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Giant ancient Turkic epigraphs discovered in eastern Mongolia


OSAWA Takashi, Professor, Graduate School of Language and Culture, Osaka University, and researchers from the Institute of Archaeology of the Mongolian Academy of Sciences, Mongolia, discovered two large ancient Turkic epigraphs on May 29, 2013. The remnants of two giant epigraphs were discovered on the steppe called Dongoin shiree by nomadic people. (Dongoin shiree means 'trapezoidal ruins' in a local language.) It is near Delgerkhaan Mountain in Tuvshinshiree Sum of Sukhbaatar Aimag in eastern Mongolia.

Only the two remnants have been found thus far, but even the two remnants are about 3 to 4 meters in length, making them some of the biggest Turkic epigraphs ever discovered. The two epigraphs are inscribed with a total of 2,832 letters, 646 words in 20 lines, and, on the upper part, some 30 tamuga, tribal markings.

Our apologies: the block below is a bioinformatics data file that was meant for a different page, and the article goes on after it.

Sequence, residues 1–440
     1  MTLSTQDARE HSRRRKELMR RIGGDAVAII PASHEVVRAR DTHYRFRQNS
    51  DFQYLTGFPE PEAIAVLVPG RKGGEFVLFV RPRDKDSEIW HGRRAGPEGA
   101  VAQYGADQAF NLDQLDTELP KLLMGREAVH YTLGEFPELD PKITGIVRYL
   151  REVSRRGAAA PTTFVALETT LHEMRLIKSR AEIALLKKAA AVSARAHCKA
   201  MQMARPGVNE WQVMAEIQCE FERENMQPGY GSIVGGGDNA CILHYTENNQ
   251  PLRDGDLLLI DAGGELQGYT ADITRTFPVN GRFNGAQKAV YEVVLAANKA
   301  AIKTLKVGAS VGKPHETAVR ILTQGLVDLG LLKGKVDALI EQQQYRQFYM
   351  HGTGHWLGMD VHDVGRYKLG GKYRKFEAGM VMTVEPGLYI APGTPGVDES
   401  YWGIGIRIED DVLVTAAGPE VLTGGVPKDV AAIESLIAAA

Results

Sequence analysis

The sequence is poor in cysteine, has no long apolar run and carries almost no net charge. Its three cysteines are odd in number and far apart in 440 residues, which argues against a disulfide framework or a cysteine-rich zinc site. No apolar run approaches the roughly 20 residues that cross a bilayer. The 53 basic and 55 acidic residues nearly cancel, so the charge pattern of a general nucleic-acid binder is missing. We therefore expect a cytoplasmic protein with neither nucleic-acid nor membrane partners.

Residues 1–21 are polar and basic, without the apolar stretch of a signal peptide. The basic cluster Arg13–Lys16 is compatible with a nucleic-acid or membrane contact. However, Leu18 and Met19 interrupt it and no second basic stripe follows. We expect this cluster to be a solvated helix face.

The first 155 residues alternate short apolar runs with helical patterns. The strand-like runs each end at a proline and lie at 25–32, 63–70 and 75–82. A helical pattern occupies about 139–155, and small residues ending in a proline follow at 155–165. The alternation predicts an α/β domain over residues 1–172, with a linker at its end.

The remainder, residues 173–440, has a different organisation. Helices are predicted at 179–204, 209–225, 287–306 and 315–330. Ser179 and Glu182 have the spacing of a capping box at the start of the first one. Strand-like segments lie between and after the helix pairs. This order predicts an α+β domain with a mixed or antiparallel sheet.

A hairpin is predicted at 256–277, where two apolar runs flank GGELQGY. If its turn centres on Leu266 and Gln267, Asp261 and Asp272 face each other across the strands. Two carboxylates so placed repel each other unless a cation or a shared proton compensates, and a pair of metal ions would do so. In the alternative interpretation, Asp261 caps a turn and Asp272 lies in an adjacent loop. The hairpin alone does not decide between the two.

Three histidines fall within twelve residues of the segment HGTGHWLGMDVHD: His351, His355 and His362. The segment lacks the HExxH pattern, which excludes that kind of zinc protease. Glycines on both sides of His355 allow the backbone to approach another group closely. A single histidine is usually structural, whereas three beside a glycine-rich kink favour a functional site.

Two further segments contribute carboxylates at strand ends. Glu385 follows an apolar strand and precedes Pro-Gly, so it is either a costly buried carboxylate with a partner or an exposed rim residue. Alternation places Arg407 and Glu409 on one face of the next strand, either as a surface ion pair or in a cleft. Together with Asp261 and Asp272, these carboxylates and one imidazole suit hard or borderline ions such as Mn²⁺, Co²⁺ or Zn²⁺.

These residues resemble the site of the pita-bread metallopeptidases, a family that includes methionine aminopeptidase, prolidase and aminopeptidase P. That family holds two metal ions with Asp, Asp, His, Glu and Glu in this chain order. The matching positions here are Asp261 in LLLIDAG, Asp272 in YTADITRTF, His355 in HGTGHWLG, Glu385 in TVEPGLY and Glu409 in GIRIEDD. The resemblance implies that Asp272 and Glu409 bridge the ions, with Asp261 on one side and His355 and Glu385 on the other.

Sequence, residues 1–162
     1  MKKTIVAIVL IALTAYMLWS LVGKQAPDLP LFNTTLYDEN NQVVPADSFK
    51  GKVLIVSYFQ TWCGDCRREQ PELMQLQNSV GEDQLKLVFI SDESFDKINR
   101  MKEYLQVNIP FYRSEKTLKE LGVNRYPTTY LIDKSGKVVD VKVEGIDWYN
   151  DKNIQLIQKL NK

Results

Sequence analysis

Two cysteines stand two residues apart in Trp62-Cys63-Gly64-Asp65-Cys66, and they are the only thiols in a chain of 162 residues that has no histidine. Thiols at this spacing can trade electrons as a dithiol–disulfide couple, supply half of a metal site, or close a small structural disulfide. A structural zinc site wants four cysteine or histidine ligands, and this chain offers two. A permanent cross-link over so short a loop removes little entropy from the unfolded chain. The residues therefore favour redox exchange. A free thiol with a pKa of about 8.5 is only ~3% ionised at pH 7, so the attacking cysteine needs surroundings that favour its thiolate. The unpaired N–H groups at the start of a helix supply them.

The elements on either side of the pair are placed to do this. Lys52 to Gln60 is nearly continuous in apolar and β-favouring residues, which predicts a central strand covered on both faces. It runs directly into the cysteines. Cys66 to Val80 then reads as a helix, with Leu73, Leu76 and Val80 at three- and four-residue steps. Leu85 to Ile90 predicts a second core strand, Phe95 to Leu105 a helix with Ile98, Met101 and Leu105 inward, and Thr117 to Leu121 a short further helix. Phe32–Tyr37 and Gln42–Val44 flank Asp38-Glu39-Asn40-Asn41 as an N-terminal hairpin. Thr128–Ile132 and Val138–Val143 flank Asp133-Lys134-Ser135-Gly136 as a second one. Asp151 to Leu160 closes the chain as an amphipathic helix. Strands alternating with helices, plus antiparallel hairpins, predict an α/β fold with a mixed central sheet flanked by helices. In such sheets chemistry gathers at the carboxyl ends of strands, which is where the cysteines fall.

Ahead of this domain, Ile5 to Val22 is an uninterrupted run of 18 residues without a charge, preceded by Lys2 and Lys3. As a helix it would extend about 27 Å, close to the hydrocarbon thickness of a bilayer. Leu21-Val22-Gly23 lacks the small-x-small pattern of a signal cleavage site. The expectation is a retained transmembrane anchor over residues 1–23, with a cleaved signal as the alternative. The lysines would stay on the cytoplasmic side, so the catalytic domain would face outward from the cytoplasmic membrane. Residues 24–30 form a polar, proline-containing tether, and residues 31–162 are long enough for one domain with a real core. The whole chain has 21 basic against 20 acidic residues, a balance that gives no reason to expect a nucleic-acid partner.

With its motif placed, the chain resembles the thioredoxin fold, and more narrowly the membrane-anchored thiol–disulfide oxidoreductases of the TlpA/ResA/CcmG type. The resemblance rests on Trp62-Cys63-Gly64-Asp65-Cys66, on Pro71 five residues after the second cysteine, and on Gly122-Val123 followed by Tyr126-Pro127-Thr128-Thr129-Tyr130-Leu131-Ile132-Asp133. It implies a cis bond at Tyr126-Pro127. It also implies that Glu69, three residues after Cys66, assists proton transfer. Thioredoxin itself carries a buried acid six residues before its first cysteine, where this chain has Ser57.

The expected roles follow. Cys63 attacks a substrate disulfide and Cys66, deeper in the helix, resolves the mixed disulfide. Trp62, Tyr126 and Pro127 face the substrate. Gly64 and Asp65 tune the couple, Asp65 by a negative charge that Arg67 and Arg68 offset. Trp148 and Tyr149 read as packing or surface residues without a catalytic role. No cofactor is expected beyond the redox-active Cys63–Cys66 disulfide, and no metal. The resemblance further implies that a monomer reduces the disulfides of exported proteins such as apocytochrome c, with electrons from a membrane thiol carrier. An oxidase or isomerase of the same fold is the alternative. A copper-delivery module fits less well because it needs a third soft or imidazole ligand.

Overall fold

This discovery explodes the accepted myth in the academic community that there are no ancient Turkic epigraphs in eastern Mongolia, rewriting the history of ancient Turkey and North Asia.

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Related links

Graduate School of language and Culture
The Asahi Shimbun

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